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Saatchi Gallery
real life and online contemporary art collection in London Chelsea
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Saatchi Gallery
real life and online contemporary art collection in London Chelsea
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Duke Of York's HQ, King's Road
London
United Kingdom

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Owned by businessman and art collector Charles Saatchi and located at the Duke of York’s HQ in the very fashionable Chelsea borough in London.

It started off as Saatchi’s own personal collection of very serious artworks dominated by the likes of Donald Judd and Andy Warhol. He opened it up to the public in 1985, and after shifting around from venue to venue Saatchi finally found the big fancy building it's in now. (Fun and fairly useless fact: “Saatchi” means watchmaker in Iraqi Arabic and Persian.)

The Saatchi Gallery went through several phases in terms of its artistic temperament. From days of Minimalist purity it moved on to become a launch pad for the careers of the YBA (Young British Artists) around 1988. The Saatchi collection was once defined by its ownership of Damien Hirst’s iconic pickled shark aka "The Physical Impossibility of Death in the Mind of Someone Living". Hip British peeps like Gavin Turk, Tracey Emin, Jenny Saville, and Sarah Lucas, to namedrop a few, rose to serious fame through the Saatchi platform. But in a fit of PMS, Saatchi decided to sell off his seminal YBA works in 2004, including Hirst’s shark and Mark Quinn’s "Self", thus proving himself not a collector but a DEALER. No better than the pusher man. For shame!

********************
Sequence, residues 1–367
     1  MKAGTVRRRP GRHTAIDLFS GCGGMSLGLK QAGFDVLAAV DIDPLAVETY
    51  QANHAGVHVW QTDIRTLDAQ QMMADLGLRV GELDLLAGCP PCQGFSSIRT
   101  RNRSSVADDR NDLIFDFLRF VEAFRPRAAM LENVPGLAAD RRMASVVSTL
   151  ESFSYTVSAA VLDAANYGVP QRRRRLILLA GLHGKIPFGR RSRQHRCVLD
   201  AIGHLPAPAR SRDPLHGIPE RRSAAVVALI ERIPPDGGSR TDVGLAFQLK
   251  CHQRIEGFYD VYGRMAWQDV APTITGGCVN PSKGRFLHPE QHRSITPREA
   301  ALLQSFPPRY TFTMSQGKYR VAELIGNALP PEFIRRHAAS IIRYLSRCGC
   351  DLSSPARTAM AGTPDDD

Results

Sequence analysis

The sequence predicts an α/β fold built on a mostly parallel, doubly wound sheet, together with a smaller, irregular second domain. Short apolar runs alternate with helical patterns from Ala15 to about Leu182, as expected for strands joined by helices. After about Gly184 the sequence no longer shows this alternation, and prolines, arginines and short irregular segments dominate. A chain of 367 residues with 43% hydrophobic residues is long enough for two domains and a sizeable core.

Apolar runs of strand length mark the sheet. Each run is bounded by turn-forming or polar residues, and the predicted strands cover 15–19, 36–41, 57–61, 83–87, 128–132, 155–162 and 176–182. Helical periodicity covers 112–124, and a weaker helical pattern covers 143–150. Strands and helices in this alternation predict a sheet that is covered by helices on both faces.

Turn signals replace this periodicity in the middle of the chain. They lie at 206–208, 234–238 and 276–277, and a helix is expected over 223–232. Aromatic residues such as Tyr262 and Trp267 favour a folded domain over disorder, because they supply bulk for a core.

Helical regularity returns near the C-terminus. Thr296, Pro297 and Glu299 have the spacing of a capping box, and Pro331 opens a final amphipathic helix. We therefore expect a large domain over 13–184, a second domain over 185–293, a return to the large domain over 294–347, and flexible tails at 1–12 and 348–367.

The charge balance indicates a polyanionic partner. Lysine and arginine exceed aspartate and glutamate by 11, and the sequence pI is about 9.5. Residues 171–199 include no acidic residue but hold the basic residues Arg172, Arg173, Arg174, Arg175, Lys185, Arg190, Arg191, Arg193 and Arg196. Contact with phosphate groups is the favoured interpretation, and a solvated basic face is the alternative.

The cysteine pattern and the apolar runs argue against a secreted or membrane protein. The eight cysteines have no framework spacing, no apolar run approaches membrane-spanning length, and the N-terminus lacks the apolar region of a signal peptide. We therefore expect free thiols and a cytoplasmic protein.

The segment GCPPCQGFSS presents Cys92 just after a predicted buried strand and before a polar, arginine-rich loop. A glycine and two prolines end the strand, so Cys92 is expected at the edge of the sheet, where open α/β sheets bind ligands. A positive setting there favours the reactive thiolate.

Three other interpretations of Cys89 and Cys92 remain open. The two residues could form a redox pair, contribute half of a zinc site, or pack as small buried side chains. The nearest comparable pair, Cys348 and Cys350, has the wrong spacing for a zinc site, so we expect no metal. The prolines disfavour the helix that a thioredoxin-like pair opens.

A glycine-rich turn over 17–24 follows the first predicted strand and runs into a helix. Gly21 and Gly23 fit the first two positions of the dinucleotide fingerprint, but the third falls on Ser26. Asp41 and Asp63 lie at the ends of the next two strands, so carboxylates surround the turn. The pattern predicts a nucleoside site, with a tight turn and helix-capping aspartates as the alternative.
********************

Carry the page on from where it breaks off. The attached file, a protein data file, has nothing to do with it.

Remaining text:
Also in 2004, a fire in the gallery’s storage warehouse burnt down some significant works, including Tracey Emin’s campsite of confessions, Everyone I Have Ever Slept With 1963-95, a tent with the names of all her lovers embroidered inside. One can’t be sure if Emin was looking for quite such a Dante-esque level of catharsis, but here’s to wiping the slate totally clean.

Among other shocking and deliciously disorienting works, the gallery is still the proud owner of one of the most kick-ass installations known to art – Richard Wilson’s 20:50, which is liable to knock your socks off. And then you'll be underdressed.

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Here is what Wikipedia says about Saatchi Gallery

The Saatchi Gallery is a London gallery for contemporary art, opened by Charles Saatchi in 1985 in order to exhibit his collection to the public. It has occupied different premises, first in North London, then the South Bank by the River Thames, and finally in Chelsea, its current location. Saatchi's collection—and hence the gallery's shows—has had distinct phases, starting with US artists and minimalism, moving to the Damien Hirst-led Young British Artists, followed by shows purely of painting, and then returning to contemporary art from America in USA Today at the Royal Academy in London. A 2008 exhibition of contemporary Chinese art formed the inaugural exhibition in the new venue for the gallery at the Duke of York's HQ.

The gallery has been an influence on art in Britain since its opening. It has also had a history of media controversy, which it has actively courted, and has earned extremes of critical reaction. Many artists shown at the gallery are unknown not only to the general public but also to the commercial art world; showing at the gallery has provided a springboard to launch careers.

In 2010, it was announced that the gallery would be given to the British public, becoming the Museum of Contemporary Art for London.

Check out the full Wikipedia article about Saatchi Gallery.